Cooking Vinyl, 2010

Titling your album Junior could be deemed as self-effacing, or perhaps infer an element of learning, something that Atlanta-born singer/songwriter Kaki King admitted as much, revealing that making Junior made her feel “like a little kid or novice…that I was starting something again”. The maturing leaps and bounds King has achieved since her 2003 debut Everybody Loves You, revealed an artist thriving on experimentation and self-expression, so it’s not surprising that King has maintained this approach with her fifth album Junior.

Mexican Teenagers, King’s stop-gap EP of 2009 felt like a precursor of what to expect, its tracks a mixture of instrumental antagonism that were loud, abrasive and ungainly, giving the impression that this songstress was shedding her skin in ways that fans of Dreaming of Revenge (King’s last full-length) were unlikely to have anticipated. Junior retains obvious elements of both — the introspection of Revenge met with the aggression of Teenagers yet this only accounts for a small sum of the parts.

With failed relationships being the focal point of Dreaming of Revenge, the driving tension of lead track “The Betrayer”, could be seen, and indeed read as a further response, but lyrically the track is inspired by a true story about an English double agent in World War 2, King writing herself into the role — “I’ve become someone else/someone new”. The delicately picked pop of “Spit It Back In My Mouth” turns a neat dance/rock trick whilst burying its less than kind message between the jangled chords (“I’m not the friend you should lean on”). The synth-assisted “Falling Day” adopts a similar stance, delivering a more anthemic, airy charge but adopts an equally bleak outlook –“Everything comes from somewhere else/Everyone stays alone”.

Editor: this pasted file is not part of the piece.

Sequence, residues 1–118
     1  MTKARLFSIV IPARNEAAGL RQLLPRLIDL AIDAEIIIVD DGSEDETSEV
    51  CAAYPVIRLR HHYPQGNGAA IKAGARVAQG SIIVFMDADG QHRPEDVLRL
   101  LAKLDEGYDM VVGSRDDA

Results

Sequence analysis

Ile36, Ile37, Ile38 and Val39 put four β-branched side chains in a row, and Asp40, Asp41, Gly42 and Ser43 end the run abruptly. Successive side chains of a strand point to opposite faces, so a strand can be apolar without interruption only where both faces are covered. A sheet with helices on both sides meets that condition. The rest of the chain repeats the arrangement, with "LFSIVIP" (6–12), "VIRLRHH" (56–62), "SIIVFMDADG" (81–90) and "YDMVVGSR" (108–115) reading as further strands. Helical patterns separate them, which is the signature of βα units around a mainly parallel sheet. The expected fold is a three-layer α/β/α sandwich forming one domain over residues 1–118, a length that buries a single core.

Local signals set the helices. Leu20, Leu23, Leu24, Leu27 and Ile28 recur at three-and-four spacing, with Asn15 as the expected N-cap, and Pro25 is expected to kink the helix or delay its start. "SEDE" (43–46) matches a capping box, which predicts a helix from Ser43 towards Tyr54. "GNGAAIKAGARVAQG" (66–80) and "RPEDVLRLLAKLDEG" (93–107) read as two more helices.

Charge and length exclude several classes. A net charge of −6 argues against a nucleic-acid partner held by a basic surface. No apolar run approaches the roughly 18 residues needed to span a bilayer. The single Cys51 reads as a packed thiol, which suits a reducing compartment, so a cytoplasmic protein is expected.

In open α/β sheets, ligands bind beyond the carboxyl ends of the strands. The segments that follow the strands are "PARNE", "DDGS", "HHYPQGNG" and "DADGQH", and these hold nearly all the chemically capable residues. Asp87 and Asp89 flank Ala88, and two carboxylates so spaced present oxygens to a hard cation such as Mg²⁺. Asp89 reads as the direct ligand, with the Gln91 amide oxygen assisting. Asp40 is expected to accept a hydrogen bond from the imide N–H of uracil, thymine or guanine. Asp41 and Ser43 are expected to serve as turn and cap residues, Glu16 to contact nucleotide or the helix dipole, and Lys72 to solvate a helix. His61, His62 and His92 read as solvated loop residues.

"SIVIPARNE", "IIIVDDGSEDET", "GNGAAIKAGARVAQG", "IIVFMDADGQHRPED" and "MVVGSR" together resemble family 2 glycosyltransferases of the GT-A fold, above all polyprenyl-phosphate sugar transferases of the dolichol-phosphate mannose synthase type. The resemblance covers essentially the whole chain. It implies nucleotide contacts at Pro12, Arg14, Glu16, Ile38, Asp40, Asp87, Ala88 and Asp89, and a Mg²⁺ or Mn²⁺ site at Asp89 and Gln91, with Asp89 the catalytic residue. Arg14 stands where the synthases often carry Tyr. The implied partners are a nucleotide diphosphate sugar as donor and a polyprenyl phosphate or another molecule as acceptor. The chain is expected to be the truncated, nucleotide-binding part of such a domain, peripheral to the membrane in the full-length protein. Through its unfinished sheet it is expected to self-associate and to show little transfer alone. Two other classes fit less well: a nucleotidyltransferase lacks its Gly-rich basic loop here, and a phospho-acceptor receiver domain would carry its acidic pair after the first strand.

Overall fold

In the context of the album, King’s instrumental tracks — “Everything Has An End, Even Sadness” and “My Nerves That Committed Suicide” appear like extended intermissions, atmospherical explorations filled with drama and pathos, but lacking any lyrical grounding. Where these instrumental tracks were once the norm for King, they are more conspicuous now by their presence feeling like, as most instrumental tracks do, unfinished works in progress. Further on, “The Hoopers of Hudspeth” finds King searching the rooms of an old mansion taking a whimsical psychedelic McCartney/Lennon path to get there, and the paint-peeling rock of “Deaths Head” has both feet firmly on the foldback, with hammering riffs and a metallic roar. Not exactly the kind of place you’d expect to find her.

The graceful unwind into the dappled waters of “Sloan Shore” and the final bitter fuck-you of “Sunnyside” lends Junior a bucolic, melancholic finish that is perhaps ironic in the sense that there is rarely a “Sunnyside” to King’s work, recalling a famous quote from Elvis Costello, that the two motivating factors behind any decent songwriter are revenge and guilt, and it seems King takes this to heart. It’s hard not to feel the need to elevate King into the status of a modern alternative popstar, albeit one with an unnatural ability on the guitar and a desire to say what you mean and mean what you say. Junior has shown how adaptable in style and how accomplished King can be at anything you could throw at her, and anything she could throw at herself.